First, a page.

The Environmental Data Explorer is the authoritative source for data sets used by UNEP and its partners in the Global Environment Outlook (GEO) report and other integrated environment assessments. Its online database holds more than 500 different variables, as national, subregional, regional and global statistics or as geospatial data sets (maps), covering themes like Freshwater, Population, Forests, Emissions, Climate, Disasters, Health and GDP. Display them on-the-fly as maps, graphs, data tables or download the data in different formats
VertNet is a NSF-funded collaborative project that makes biodiversity data free and available on the web. VertNet is a tool designed to help people discover, capture, and publish biodiversity data. It is also the core of a collaboration between hundreds of biocollections that contribute biodiversity data and work together to improve it. VertNet is an engine for training current and future professionals to use and build upon best practices in data quality, curation, research, and data publishing. Yet, VertNet is still the aggregate of all of the information that it mobilizes. To us, VertNet is all of these things and more.
The Research Data Archive (RDA) at NCAR contains a large and diverse collection of meteorological and oceanographic observations, operational and reanalysis model outputs, and remote sensing datasets to support atmospheric and geosciences research, along with ancillary datasets, such as topography/bathymetry, vegetation, and land use.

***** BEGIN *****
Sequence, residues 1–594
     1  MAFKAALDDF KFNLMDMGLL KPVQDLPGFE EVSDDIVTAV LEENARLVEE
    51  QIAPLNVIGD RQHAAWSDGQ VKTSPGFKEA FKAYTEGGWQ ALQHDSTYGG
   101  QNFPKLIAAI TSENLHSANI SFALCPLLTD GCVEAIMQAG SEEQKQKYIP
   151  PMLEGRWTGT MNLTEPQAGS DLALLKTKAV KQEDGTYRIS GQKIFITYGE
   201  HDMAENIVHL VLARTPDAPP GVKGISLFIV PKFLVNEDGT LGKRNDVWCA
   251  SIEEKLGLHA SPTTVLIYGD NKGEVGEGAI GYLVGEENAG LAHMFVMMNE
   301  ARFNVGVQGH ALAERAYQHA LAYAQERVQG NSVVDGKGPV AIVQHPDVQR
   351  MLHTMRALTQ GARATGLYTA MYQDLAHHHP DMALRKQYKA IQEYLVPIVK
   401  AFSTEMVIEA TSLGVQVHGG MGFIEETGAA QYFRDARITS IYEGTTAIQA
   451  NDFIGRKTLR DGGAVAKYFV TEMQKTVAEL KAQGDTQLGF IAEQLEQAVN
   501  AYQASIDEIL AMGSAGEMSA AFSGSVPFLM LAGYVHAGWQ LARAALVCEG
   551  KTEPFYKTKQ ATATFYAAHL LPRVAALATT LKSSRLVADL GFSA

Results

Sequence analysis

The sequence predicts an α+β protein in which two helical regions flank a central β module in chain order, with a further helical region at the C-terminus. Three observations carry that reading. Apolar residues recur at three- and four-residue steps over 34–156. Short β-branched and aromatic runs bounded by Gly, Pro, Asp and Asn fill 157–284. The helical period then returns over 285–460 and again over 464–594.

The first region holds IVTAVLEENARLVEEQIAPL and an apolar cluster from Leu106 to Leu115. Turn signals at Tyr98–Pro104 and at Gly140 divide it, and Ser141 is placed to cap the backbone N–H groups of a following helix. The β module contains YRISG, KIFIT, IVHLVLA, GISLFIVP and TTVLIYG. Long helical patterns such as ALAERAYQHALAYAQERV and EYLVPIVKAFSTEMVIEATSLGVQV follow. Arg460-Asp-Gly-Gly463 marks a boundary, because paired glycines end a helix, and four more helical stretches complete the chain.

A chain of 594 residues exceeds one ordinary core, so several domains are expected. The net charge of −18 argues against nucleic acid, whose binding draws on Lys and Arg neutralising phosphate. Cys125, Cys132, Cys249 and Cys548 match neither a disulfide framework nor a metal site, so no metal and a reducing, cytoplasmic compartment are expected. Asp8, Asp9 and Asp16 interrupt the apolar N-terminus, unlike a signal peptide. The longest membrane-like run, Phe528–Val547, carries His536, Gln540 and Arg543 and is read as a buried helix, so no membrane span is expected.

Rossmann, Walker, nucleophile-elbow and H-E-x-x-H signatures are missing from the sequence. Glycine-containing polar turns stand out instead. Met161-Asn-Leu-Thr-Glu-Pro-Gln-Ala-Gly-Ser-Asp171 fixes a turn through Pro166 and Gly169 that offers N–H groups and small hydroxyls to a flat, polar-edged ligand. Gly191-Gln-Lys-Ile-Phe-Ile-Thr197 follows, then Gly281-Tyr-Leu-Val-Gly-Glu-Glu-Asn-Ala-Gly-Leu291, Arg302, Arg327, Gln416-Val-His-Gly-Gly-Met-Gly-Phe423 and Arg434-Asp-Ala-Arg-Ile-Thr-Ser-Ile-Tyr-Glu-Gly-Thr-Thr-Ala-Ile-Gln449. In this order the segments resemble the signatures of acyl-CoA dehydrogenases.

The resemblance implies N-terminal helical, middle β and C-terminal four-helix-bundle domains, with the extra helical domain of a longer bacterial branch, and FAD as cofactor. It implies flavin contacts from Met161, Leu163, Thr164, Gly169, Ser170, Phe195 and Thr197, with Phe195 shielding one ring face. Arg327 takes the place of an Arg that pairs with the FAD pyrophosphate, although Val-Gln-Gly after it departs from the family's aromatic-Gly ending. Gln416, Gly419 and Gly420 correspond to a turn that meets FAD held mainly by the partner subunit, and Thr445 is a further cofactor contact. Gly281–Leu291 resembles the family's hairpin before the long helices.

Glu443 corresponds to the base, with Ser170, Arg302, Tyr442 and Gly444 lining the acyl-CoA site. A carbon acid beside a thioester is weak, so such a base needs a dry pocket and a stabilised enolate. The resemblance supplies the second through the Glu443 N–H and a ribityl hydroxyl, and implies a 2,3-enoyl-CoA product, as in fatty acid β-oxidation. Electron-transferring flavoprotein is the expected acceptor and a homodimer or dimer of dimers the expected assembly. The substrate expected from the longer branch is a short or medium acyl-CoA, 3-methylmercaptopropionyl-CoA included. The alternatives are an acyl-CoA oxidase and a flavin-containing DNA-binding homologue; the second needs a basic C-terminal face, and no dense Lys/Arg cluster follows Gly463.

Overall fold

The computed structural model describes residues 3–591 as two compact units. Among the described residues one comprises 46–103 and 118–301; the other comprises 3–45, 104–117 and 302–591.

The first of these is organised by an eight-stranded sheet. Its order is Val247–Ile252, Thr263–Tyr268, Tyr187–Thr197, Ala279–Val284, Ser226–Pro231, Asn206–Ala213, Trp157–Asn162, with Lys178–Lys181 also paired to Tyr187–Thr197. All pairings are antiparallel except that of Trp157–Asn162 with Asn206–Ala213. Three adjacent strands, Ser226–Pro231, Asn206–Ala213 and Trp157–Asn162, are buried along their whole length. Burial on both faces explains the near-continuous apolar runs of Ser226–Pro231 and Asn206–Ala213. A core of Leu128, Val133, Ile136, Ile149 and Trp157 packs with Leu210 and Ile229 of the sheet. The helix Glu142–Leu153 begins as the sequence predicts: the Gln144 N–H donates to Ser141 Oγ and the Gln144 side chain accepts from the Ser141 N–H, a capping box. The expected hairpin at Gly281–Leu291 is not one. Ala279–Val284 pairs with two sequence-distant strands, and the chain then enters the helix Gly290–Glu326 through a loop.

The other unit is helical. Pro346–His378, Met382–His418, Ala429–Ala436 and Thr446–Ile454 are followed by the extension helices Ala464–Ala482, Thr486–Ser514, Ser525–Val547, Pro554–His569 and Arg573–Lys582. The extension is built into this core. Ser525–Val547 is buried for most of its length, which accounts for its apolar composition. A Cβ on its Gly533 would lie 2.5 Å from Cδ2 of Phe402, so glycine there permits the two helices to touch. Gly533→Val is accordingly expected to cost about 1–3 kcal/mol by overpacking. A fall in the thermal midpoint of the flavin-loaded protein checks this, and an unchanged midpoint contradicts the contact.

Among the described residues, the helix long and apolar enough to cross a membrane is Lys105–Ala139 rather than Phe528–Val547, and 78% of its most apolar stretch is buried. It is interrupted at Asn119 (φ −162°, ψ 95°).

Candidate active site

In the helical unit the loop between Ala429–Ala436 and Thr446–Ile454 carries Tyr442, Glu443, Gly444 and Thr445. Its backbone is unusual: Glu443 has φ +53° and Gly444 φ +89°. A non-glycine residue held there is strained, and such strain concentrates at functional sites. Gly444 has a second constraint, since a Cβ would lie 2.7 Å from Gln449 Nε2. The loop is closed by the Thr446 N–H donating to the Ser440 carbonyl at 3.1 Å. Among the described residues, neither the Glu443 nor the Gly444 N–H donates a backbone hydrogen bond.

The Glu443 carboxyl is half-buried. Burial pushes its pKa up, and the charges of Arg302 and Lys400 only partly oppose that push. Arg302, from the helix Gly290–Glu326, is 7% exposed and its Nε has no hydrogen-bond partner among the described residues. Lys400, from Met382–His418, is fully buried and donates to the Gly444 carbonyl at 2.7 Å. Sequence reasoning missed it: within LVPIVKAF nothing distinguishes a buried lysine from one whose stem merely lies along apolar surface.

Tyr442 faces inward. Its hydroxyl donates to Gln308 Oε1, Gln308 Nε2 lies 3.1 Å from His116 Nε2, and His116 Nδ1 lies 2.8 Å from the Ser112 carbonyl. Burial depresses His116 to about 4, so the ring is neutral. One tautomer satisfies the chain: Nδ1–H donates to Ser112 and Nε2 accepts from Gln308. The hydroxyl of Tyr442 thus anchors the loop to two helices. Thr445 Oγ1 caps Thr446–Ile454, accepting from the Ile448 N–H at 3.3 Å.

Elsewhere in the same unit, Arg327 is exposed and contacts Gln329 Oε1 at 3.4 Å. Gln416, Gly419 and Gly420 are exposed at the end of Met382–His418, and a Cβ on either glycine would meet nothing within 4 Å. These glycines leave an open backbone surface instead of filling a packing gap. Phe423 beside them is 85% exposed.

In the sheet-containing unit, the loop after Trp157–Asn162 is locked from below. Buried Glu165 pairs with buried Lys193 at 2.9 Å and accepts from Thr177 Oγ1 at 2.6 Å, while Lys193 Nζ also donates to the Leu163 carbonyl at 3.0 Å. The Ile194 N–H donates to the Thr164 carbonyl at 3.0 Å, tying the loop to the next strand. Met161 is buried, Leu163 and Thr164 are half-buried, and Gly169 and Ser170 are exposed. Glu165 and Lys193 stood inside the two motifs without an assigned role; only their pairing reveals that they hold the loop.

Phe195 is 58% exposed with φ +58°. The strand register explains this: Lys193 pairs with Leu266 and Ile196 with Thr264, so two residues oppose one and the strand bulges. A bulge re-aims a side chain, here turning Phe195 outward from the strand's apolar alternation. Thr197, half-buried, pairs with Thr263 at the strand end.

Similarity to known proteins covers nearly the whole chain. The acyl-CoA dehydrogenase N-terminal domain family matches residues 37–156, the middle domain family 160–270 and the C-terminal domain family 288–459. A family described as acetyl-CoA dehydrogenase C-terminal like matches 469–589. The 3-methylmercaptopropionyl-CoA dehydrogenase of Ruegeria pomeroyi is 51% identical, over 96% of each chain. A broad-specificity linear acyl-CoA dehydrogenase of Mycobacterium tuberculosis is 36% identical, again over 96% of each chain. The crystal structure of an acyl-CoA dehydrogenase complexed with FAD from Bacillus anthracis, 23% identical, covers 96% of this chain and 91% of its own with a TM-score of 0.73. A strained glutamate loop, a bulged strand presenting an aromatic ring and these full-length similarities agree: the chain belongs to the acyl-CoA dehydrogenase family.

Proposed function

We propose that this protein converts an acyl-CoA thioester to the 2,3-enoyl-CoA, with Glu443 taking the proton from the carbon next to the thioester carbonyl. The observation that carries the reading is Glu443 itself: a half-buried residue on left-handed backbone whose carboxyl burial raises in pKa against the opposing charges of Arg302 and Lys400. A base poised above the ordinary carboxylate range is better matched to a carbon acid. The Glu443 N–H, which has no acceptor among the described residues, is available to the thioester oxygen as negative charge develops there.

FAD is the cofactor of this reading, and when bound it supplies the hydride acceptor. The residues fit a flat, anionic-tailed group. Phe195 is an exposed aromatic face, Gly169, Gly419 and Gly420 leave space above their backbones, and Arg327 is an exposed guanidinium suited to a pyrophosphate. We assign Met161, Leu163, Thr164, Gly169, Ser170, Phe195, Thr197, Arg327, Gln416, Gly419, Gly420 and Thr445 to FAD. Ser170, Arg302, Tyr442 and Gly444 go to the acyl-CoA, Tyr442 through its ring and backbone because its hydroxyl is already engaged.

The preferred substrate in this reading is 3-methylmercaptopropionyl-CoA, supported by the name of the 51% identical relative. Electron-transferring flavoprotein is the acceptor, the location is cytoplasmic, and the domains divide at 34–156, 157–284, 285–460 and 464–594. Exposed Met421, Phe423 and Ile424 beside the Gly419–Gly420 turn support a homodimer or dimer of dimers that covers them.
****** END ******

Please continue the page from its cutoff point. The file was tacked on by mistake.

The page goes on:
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The Norwegian Polar Institute is a governmental institution for scientific research, mapping and environmental monitoring in the Arctic and the Antarctic. The institute’s Polar Data Centre (NPDC) manages and provides access to scientific data, environmental monitoring data, and topographic and geological map data from the polar regions. The scientific datasets are ranging from human field observations, through in situ and moving sensor data, to remote sensing products. The institute's data holdings also include photographic images, audio and video records.
The Paleobiology Database (PaleoBioDB) is a non-governmental, non-profit public resource for paleontological data. It has been organized and operated by a multi-disciplinary, multi-institutional, international group of paleobiological researchers. Its purpose is to provide global, collection-based occurrence and taxonomic data for organisms of all geological ages, as well data services to allow easy access to data for independent development of analytical tools, visualization software, and applications of all types. The Database’s broader goal is to encourage and enable data-driven collaborative efforts that address large-scale paleobiological questions.